As I see it, this anecdote is a glaring example of the existing conceptual framework in which in the field of research on Mindanao, the Mindanaon is just a field researcher, research assistant or transcriber, while the Manila-based scholar or professor is the Mindanao expert in published books and conferences. Within this framework, Mindanao is treated as an object of study, and Mindanao Studies program is seen as an attempt to provide ‘voice’ to Mindanao through an outside spokesman, who happens to be the Manila-based author or professor. This is because Mindanao is not mature yet and can’t articulate enough.

Proposed Framework

What we humbly proposed is a framework in which Mindanao is a subject. Under this framework, Mindanao Studies program is considered an attempt to provide ‘voice’ to Mindanao by letting it speak for itself. Here, Mindanao is no longer treated as mere object of study but subject as well. Having this framework, Mindanao will tell stories about the mosaic of its peoples as diverse as its water current and waves and yet as united as its rivers and the seas that surround it are.

Target Profile

As some of us know very well, the first step in the curriculum development process (CDP) is the definition of the ‘target profile’. By definition of the ‘target profile’ we mean an attempt to define what should be (‘target’) the characteristics (‘profile’) of a graduate from the program (Mindanao Studies). As such, it embodies what our expectations of the program graduates are.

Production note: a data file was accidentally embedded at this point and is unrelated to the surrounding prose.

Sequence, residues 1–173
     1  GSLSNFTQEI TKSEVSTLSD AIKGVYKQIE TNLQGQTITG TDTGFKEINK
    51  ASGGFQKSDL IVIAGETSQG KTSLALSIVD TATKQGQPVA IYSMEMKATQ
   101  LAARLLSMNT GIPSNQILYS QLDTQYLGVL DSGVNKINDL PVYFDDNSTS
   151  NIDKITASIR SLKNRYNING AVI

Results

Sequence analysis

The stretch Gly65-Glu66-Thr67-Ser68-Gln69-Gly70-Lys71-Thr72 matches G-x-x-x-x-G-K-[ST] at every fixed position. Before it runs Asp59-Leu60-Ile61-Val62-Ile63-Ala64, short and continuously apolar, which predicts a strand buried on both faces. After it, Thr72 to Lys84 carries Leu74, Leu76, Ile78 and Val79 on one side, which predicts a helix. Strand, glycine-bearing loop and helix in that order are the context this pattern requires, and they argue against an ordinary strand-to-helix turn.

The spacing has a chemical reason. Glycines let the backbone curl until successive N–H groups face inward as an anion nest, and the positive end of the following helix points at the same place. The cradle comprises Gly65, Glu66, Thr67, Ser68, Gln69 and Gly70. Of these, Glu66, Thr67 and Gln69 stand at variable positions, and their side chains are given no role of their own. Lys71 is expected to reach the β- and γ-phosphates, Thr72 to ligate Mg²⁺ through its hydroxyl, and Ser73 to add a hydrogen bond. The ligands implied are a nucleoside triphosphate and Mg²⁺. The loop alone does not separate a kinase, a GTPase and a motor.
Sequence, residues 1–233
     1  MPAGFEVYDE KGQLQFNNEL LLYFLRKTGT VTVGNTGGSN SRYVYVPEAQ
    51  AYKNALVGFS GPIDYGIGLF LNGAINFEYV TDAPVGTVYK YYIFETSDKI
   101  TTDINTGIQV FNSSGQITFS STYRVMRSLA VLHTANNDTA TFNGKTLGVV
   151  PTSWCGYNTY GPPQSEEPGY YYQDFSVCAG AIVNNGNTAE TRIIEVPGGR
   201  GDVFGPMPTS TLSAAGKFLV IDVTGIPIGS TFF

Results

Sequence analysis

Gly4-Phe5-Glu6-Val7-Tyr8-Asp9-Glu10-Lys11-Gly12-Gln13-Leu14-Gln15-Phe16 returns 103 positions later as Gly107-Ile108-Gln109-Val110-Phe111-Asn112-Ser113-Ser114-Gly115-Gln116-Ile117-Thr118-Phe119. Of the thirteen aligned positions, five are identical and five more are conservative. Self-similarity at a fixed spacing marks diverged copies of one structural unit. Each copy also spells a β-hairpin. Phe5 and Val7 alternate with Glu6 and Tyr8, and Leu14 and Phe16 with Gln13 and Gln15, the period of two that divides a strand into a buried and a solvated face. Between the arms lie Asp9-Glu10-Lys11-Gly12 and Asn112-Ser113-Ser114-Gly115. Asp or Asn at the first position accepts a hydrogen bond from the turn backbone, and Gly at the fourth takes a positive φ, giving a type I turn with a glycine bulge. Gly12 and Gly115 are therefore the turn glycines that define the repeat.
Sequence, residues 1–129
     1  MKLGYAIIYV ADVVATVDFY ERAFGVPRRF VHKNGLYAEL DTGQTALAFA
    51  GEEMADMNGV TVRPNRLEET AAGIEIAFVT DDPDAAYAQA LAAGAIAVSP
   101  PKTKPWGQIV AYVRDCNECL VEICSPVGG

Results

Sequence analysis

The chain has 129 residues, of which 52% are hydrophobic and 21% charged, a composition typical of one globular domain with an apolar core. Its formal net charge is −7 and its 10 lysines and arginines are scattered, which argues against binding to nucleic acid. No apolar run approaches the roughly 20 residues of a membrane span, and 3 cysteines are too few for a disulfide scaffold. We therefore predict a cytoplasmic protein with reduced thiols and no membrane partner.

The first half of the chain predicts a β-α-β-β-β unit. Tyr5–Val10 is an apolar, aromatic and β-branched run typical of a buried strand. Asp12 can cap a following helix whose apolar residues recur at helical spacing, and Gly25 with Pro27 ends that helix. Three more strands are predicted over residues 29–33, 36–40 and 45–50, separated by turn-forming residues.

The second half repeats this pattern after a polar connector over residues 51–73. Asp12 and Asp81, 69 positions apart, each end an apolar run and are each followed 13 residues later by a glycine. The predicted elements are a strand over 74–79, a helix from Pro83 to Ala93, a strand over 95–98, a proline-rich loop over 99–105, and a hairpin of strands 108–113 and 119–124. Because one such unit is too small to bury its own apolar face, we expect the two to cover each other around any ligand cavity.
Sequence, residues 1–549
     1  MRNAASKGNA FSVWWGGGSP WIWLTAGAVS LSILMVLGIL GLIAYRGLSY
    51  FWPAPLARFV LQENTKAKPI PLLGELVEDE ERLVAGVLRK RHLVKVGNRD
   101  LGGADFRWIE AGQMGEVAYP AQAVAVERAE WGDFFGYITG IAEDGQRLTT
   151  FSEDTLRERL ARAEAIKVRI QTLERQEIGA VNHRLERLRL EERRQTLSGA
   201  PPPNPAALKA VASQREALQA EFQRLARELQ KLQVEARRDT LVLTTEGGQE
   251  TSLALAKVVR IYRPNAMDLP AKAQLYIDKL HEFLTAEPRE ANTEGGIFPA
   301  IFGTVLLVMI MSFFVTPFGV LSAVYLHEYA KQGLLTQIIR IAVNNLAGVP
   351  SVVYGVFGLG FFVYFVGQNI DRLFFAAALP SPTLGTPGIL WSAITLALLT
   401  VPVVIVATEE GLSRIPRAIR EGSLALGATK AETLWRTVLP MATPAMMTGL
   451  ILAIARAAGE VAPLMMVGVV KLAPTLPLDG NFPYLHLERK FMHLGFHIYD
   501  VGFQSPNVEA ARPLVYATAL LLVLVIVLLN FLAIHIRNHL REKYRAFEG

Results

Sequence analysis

Now, granting that a sound definition of ‘target profile’ provides both a comprehensive and a holistic blueprint that can be potentially implemented in the program, what then is our ‘target profile’? In other words, what is the supposed trademark of our graduate?

In broader terms and for the purpose of this conversation, we may say that our target profile is a graduate with ‘a balanced worldview’. It is a worldview that could tell both the story of laughter and tears of Mindanao. It is a worldview that listens to both the ‘gong’ of kulintang and the agony of palendag. It is a worldview that pays heed to both the splendor of okir and sarimanok, and the might of kampilan and lantaka.

Objectives

As among its objectives, the Mindanao Studies program is supposed to help in (1) the formation of a national motto or slogan (By the way, do we have already a national motto such as Pancasila of Indonesia? Our Panatang Makabayan is too long to memorize, let alone internalize; for the millennials, that which is more akin to a hashtag or tagline is more appealing). The program should also be in tune with (2) the inculcation of national core values (such as patrimony, respect for diversity, acknowledgment of national history as a product of many local histories, and others). Obviously, it should also (3) contribute to nation-building and development through the discovery, promotion and utilization of Mindanao potentials and strengths.